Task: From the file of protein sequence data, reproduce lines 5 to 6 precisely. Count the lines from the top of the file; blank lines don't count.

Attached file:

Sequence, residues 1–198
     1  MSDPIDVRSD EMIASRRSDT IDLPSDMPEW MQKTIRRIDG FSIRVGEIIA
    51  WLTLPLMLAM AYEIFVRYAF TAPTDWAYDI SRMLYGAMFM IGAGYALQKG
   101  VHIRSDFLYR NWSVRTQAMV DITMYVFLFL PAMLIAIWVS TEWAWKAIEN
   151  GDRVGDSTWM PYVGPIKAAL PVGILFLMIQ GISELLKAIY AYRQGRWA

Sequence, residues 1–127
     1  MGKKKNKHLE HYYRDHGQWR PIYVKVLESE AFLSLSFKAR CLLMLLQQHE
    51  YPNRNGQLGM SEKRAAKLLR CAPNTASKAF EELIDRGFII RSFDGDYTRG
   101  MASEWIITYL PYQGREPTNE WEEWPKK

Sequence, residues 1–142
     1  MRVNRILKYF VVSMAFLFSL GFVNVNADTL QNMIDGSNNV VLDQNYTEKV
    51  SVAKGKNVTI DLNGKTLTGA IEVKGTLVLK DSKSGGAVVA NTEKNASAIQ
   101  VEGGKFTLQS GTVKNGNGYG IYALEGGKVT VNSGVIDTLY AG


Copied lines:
   151  GDRVGDSTWM PYVGPIKAAL PVGILFLMIQ GISELLKAIY AYRQGRWA

Sequence, residues 1–127